EVA2 is available in a variety of different sizes, but it’s not infinitely stretchable or shrinkable. The production offshoot of the acclaimed EQXX concept – essentially an all-electric replacement for the C-Class – is likely to be built on MMA, created especially for compact and mid-size electric vehicles.
What’s more, the EQXX isn’t just a concept – and lots of the technology used in the concept will be taken to production in some form. ‘That’s like 2425 timeframe, where we see most of the components out of the EQXX,’ Schafer told CAR magazine at the 2023 CES show. ‘So the battery more or less will be the one that we see in EQXX, the Mercedes E-drive, which is the first Mercedes e-drive, we ever did, an in-house design. That’s the one running in the EQXX platform,’ he continued.
‘There are many elements – solar roof and so on – many details on this car will be on that platform.’
‘So, in short: the motor, the battery technology, the cell technology, and part of the inverter elements are definitely in the in the next generation. And there’s more even on the infotainment side; our engineers’ imaginations went wild and came up with this seamless pillar-to-pillar screen, which is something I am going to transfer into series production.
What about AMG, or Maybach?
‘In our transformation to all electric, we’re now in full development of a fully dedicated electric architecture for AMG, from the ground up. That will be some time towards the end of 2025 when that will hit the market,’ said Mercedes boss Ola Källenius at the FT Future of the Car conference.
‘You will have a Maybach fully electric version by the middle of next year. The G-Wagon, I recently drove a prototype of the powertrain of it, down in Graz where we develop and make these vehicles, and went for some serious off-roading. Came off that test drive and said off-roading in the future is definitely electric, and it will be as far as the G is concerned in the middle of 2024.’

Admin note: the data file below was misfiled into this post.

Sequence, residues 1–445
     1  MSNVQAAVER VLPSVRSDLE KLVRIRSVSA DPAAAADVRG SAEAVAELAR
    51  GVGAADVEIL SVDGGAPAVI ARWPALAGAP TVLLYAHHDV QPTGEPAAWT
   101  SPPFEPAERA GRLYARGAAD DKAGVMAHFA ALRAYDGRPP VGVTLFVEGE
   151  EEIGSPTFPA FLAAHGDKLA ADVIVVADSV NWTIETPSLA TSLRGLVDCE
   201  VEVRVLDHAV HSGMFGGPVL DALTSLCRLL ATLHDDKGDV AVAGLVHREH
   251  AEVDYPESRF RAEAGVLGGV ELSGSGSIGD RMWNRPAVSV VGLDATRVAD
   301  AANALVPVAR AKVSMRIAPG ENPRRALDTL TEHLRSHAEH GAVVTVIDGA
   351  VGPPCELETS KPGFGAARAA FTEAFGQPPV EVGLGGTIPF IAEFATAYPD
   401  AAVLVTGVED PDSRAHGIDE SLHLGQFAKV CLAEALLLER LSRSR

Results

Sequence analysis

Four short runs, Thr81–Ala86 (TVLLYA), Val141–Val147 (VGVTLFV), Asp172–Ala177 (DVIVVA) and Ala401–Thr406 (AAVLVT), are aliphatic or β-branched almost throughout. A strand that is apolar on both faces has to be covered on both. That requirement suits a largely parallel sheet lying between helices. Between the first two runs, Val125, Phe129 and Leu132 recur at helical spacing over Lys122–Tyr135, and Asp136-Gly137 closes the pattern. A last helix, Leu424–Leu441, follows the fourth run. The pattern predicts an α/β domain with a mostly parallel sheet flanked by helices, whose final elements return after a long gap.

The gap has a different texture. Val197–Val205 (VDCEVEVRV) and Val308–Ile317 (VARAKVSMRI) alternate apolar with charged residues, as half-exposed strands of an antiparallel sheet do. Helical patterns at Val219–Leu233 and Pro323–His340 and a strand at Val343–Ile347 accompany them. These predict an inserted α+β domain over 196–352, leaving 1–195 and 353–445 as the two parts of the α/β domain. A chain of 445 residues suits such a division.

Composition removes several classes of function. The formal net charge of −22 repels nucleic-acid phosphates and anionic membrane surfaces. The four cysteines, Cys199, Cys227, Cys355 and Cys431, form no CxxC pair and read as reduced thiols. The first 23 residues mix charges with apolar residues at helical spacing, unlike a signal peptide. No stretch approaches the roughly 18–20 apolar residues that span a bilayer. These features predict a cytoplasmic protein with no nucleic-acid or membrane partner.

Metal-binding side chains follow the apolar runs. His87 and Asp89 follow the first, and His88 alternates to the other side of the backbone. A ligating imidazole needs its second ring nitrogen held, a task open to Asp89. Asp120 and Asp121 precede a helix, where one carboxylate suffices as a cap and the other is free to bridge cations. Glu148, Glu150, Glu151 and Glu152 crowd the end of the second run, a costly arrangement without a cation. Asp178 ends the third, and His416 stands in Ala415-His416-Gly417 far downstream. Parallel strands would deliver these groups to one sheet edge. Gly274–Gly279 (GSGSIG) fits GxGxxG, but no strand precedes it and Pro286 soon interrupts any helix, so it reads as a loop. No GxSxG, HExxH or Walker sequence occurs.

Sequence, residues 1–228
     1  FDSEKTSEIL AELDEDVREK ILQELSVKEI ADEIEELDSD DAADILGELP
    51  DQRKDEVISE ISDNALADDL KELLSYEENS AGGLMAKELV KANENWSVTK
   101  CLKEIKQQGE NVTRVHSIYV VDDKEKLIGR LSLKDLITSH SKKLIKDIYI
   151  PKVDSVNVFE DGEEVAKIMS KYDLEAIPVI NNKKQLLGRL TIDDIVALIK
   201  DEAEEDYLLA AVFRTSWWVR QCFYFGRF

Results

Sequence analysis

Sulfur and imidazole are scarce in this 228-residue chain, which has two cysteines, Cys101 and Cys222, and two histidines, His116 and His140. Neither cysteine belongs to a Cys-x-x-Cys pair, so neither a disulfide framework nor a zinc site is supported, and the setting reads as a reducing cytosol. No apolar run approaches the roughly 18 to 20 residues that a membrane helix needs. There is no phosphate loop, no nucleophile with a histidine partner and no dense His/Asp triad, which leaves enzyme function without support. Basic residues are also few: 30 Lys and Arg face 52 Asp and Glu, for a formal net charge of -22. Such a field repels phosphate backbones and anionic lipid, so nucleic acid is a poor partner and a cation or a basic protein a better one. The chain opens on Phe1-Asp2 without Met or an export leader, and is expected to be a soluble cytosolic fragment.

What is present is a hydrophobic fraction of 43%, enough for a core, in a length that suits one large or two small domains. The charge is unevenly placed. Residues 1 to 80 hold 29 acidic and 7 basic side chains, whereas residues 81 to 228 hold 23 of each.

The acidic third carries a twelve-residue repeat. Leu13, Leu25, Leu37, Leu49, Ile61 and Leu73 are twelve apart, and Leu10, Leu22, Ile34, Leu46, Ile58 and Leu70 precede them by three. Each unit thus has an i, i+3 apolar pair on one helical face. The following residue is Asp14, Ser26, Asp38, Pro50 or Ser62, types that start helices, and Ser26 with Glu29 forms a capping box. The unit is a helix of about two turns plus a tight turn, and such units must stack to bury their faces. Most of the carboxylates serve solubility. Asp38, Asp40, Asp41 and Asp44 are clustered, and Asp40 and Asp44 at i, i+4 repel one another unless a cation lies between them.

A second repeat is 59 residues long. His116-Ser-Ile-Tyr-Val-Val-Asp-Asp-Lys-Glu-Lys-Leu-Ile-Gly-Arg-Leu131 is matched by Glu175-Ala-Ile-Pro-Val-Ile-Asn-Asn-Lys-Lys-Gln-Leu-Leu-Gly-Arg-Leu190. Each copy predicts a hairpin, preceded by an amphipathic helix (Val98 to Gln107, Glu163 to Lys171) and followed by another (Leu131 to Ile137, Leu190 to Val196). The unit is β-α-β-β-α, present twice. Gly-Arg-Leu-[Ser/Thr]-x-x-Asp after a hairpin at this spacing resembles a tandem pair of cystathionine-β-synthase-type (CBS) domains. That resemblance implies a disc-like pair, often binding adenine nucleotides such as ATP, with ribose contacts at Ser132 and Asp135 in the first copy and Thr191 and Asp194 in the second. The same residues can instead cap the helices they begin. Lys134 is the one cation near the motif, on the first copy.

Mercedes CEO on the future
‘We’re well under way with the transformation. We’re in the first wave of the product offensive, which will be followed by an even larger second wave,’ said CEO Ola Källenius at the FT Future of the Car conference. ‘Last year we made the decision to go all in on electric and get the transformation done in this decade, with the attitude to make the market, not just wait for the market.’
‘The biggest decision that we made, from the year 2025 forward all new architectures from Mercedes-Benz will be electric only,’ he added. ‘That will put us in a position by the end of this decade to serve markets 100 per cent if they are ready, and we will do our best to make them ready.’
‘For the big game of transformation all the way to electric there are other things that we need to watch – lithium, nickel and so on, things that we need for the battery materials. There substantial investment is necessary if the pace towards electrification is going to accelerate. Next to solving the problems that are here and now, we’re also looking at the long term and trying to lock up our supply chain for a dominant electric world.’